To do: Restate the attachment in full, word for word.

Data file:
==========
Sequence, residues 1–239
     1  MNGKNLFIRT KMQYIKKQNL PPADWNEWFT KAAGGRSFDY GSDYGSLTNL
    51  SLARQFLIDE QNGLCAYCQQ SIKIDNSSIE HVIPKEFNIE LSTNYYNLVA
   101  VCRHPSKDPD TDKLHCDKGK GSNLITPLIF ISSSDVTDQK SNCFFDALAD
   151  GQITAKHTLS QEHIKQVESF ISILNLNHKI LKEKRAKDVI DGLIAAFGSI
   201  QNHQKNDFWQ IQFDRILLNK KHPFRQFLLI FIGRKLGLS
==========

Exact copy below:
Sequence, residues 1–239
     1  MNGKNLFIRT KMQYIKKQNL PPADWNEWFT KAAGGRSFDY GSDYGSLTNL
    51  SLARQFLIDE QNGLCAYCQQ SIKIDNSSIE HVIPKEFNIE LSTNYYNLVA
   101  VCRHPSKDPD TDKLHCDKGK GSNLITPLIF ISSSDVTDQK SNCFFDALAD
   151  GQITAKHTLS QEHIKQVESF ISILNLNHKI LKEKRAKDVI DGLIAAFGSI
   201  QNHQKNDFWQ IQFDRILLNK KHPFRQFLLI FIGRKLGLS